On March 7, 2019 the Queen sent her first Instagram post. She wrote:
“Today, as I visit the Science Museum I was interested to discover a letter from the Royal Archives, written in 1843 to my great-great-grandfather Prince Albert.
Charles Babbage, credited as the world’s first computer pioneer, designed the “Difference Engine”, of which Prince Albert had the opportunity to see a prototype in July 1843.
In the letter, Babbage told Queen Victoria and Prince Albert about his invention the “Analytical Engine” upon which the first computer programmes were created by Ada Lovelace, a daughter of Lord Byron.
Today, I had the pleasure of learning about children’s computer coding initiatives and it seems fitting to me that I publish this Instagram post, at the Science Museum which has long championed technology, innovation and inspired the next generation of inventors.

Elizabeth R."

Friday, January 25, 2019

BPN 1747: Dutch telco KPN wants to redeem a precious IP brand

The Dutch telco KPN has published its intention to abolish the brand name of its IP subsidiary XS4ALL. This has led to a storm of indignation and solicited a petition to reconsider the decision, signed in the meantime by some 45.000 of the IP’s pioneers, subscribers and sympathizers. 

Dutch internet pioneer 
XS4ALL is one of the oldest Dutch IPs. It originated from the hackers’movement Hack-Tic and offered its internet services since May 1st, 1993. On its first day it registered 500 subscribers, a score which was helped by one of the rare articles on internet in the national daily de Volkskrant. XS4ALL was one of the first Dutch pioneer IPs together with NLnet, Knoware and IAF. The foundation grew fast and gained speed, when beginning 1994 the Digital City in Amsterdam was launched.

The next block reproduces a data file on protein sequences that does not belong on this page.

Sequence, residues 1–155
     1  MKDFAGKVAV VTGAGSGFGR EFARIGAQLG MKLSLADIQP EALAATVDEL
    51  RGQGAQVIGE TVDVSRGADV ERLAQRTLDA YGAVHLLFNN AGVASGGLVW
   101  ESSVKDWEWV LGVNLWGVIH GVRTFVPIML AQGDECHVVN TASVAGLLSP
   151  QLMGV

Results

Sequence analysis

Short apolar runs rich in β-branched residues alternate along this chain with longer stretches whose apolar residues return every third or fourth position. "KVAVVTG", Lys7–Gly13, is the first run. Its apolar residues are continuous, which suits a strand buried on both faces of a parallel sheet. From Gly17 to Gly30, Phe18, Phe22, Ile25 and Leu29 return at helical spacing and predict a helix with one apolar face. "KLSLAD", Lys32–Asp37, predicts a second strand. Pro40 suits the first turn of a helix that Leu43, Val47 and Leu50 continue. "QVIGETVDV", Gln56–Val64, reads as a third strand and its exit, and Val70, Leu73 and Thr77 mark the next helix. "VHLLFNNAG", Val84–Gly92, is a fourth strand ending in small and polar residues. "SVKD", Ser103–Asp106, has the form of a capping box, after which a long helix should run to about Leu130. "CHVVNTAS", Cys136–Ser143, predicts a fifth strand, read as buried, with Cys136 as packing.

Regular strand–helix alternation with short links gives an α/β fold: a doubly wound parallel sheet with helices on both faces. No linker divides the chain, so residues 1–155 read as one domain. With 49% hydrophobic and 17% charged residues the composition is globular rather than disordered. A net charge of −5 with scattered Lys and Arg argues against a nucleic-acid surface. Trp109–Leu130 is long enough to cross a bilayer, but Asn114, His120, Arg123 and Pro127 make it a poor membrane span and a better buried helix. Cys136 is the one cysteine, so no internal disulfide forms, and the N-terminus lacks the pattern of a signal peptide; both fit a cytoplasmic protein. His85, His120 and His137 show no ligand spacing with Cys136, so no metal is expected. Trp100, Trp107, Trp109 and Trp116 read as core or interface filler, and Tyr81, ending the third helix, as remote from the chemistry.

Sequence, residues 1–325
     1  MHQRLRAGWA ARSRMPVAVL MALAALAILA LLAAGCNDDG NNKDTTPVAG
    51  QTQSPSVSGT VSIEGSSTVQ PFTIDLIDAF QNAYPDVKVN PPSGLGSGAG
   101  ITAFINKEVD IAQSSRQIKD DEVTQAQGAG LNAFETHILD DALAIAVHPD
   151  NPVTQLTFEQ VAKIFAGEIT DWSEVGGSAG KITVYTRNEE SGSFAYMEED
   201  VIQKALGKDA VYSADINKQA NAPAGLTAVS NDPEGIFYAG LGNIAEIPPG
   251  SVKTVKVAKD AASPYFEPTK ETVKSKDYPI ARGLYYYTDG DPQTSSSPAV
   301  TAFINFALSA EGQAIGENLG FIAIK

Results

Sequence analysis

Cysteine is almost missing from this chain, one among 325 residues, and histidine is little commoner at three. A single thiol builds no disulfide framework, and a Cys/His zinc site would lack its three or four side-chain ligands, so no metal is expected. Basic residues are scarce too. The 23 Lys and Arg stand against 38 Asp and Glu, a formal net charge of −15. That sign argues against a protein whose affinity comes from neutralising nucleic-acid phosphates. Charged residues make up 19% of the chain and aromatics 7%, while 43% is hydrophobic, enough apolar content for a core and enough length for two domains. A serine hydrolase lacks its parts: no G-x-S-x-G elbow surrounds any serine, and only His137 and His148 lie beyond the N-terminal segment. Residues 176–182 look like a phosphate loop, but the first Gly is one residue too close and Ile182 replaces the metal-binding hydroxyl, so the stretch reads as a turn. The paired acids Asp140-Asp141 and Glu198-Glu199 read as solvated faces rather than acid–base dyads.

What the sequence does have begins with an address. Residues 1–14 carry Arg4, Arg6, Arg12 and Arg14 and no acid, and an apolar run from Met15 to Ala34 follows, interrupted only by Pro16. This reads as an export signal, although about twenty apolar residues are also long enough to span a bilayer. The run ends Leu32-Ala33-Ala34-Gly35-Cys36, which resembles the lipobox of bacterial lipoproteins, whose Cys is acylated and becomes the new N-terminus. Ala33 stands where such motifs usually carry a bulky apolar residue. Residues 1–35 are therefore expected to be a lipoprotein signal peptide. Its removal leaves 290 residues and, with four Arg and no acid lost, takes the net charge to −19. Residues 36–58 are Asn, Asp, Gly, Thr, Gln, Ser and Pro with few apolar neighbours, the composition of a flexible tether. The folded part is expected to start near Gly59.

By 1998 the Dutch scene of IPs had changed drastically. Competition between the new IPs had become fiercely, with competitors like Digital City, Planet Internet and World Online. In order to stay technically ahead, the foundation was faced with heavy investments, which they could not put on the table. So they put together a bidbook and offered that to the IP community. 

The press and internet community was astonished when the winner was announced. The Dutch telco  KPN had beaten the other competitors, being in need of technical knowledge and having deep pockets. The astonishment was based on the difference in company mentality. KPN being a stock listed company and technical business was not in line with the free, anarchistic mentality of XS4ALL. Yet KPN guaranteed an independent course of management. 

Not just an IP 
XS4ALL was an early Dutch IP and kept its freshness from the beginning. So it stood side by side when the IP stood sideby side in a court case of a subscriber against the Scientology Church, which lasted from 1995 till 2005. In 1996 XS4ALL together with the Voice of America supported the continuation of the broadcasts of radio station B92 from Belgrado, which had been stopped by the then Federal Republic of Juguslavia. The IP was also a party in a censoring case with the German government. It also fought a legal battle in the Pirate Bay case with the Dutch copyright watchdog Brein. 


From 2016 a shift was noticed in the attitude of KPN towards XS4ALL. KPN parted with two independent foundations, which guarded over the origin and legacy of the internet pioneers. The attempt to take over the foundations failed and the annual contributions were stopped. But with the entry of anew CEO in 2018, a new marketing plan was developed: the brand name KPN would be leading for all subsidiary brand, including XS4ALL. The announcement on January 10, 2019 to say farewell to the brandname, sollicited immediate reaction from the subscribers, who threatened to discontinue their subscription. KPN tried to appease the subscribers saying that nothing would change in the service of XS4ALL, but that only the name of the pioneer company would be abolished. But the action committee of subscribers was not appeased. Of the more than 200.000 subscribers some 20.000 joined the action group as did some 25.000 of supporters. After a talk with KPN the group threatened to leave the KPN company and even start up a new company with the help of a third party.

Tuesday, January 15, 2019

BPN 1746: Launch Digital City Amsterdam 25 years ago

Today it is 25 years ago that the Digital City Amsterdam was launched. Digital City Amsterdam was a historic project as it meant a breakthrough for internet in The Netherlands, but also an example of a virtual community.